• Electric power transmission systems, including upgrading and reconductoring projects.
  • Leading edge biofuels projects that will use technologies performing at the pilot or demonstration scale that the DOE determines are likely to become commercial technologies and will produce transportation fuels that substantially reduce life-cycle greenhouse gas emissions compared to other transportation fuels.

Pursuant to The Act, Congress has appropriated $6 billion to cover the credit subsidy costs for loan guarantees with respect to eligible projects. The credit subsidy cost is the net present value, at the time the loan guarantee is executed, of the expected payments by the U.S. government to cover defaults, delinquencies, interested subsidies, fees and other payments. The amount of loan guarantees that this amount of credit subsidy costs is impossible to determine as the DOE has not issued any loans yet, but by way of example, if the average credit subsidy cost per project is 10% of the total guarantee, then the additional amounts appropriated under The Act would support an additional $60 billion in loan guarantees.

Other key components of the Temporary Loan Guarantee Program include:

  • Of the $6 billion in congressional funding, a maximum of $500 million may be used for leading edge biofuels projects.
  • Each recipient of a loan guarantee shall provide reasonable assurance that all laborers and mechanics employed in the performance of the project receive prevailing wages under the Davis-Bacon Act.
  • The DOE’s authority to enter into loan guarantees under the Temporary Loan Guarantee Program expires on September 30, 2011.

It is anticipated that the DOE will issue draft rules under the Temporary Loan Guarantee Program within weeks.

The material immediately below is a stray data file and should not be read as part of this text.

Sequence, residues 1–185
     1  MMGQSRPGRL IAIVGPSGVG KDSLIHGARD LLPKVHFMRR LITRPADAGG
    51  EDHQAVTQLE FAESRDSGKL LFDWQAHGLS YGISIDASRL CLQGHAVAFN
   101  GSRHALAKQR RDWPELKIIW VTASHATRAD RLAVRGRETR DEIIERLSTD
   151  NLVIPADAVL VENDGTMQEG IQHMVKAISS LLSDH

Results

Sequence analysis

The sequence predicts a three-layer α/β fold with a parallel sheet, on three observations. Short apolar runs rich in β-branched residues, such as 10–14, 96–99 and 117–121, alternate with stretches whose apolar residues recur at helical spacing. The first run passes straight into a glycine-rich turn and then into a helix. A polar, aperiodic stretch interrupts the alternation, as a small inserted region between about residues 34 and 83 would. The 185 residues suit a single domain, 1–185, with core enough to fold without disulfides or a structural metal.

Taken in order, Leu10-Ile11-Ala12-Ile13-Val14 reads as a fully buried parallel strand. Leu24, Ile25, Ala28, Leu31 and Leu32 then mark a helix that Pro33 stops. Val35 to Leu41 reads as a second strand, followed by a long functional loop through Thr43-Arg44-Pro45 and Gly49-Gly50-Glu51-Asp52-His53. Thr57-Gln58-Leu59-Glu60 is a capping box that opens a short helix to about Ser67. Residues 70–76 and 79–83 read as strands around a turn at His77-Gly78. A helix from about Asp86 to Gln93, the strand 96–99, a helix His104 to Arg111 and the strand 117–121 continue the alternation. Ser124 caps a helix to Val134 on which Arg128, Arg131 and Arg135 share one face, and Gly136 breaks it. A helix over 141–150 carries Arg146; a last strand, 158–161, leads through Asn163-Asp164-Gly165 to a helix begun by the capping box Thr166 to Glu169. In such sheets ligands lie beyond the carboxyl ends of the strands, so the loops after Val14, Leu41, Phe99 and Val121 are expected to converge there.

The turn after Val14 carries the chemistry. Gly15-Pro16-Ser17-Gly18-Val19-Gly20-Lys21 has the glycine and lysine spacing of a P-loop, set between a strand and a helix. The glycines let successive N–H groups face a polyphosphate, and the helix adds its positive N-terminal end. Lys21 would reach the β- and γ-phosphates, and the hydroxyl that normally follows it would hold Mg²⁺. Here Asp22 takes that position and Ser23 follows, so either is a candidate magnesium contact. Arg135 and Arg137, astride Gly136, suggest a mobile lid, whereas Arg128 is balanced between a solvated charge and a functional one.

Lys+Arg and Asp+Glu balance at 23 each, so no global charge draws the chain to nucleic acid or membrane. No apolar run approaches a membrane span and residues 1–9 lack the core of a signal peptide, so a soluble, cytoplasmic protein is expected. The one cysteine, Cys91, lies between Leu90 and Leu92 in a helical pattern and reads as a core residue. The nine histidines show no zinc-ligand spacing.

DOE Streamlined Process

The other major factor affecting the Innovative Technology Loan Guarantee Program is a pledge by the DOE to streamline the application and funding process. In one of the first announcements by Secretary Chu, he said he intends to make the following modifications of the program:

  • Rolling appraisals of applications – instead of delaying the consideration of an application until a far off deadline, DOE will review them when they are submitted so that decisions can be made more quickly;
  • Streamlining and simplifying loan application forms and other paperwork;
  • Accelerated loan underwriting by using outside partners;
  • In cases where up front fees may deter companies from applying, DOE will offer applicants the opportunity to pay the fees as part of the loan at closing;
  • Further reduction of up front costs by restructuring credit subsidies so they are paid over the life of the loan;
  • Working with the industry to attract good projects into the loan guarantee program and helping them navigate the process; and
  • A website that will provide increased transparency in both process and results, as well as information to help applicants through the process.

Secretary Chu indicated that he hoped that these measures would allow the DOE to make the first loan guarantees under the existing Innovative Technology Loan Guarantee Program in late April or May, 2009.

We will issue additional client alerts when there are material developments with the Innovative Technology Loan Guarantee Program or the Temporary Loan Guarantee Program.

This client alert is one of a series designed to provide summaries of the American Recovery and Reinvestment Act of 2009 ("The Act") and information and guidance regarding opportunities and relief made available through The Act. All of The Act client alerts are available on Michael Best's Stimulus and Economic Recovery Team publications page. For additional information on this topic, please feel free to contact one of the authors of this alert or your Michael Best attorney.

If you are interested in learning about other provisions included in The Act, the Michael Best Stimulus and Economic Recovery Team is prepared to assist you in understanding the implications and in developing and implementing a strategy to secure the benefits of this unprecedented legislation. Specifically, we will assist you to identify opportunities, prepare appropriate proposals and make targeted contacts to secure funds. We will also work with you to ensure that your applications are tailored to meet your needs and that your funded projects proceed in compliance with award requirements and applicable laws.


For more information, please contact:

Gregory J. Lynch
Direct Dial: 608.283.2240

Geoffrey R. Morgan
Direct Dial: 414.225.2752

Porter J. Martin
Direct Dial: 608.283.0116

Director of Government Affairs
Laura L. Riske
Direct Dial: 608.283.2265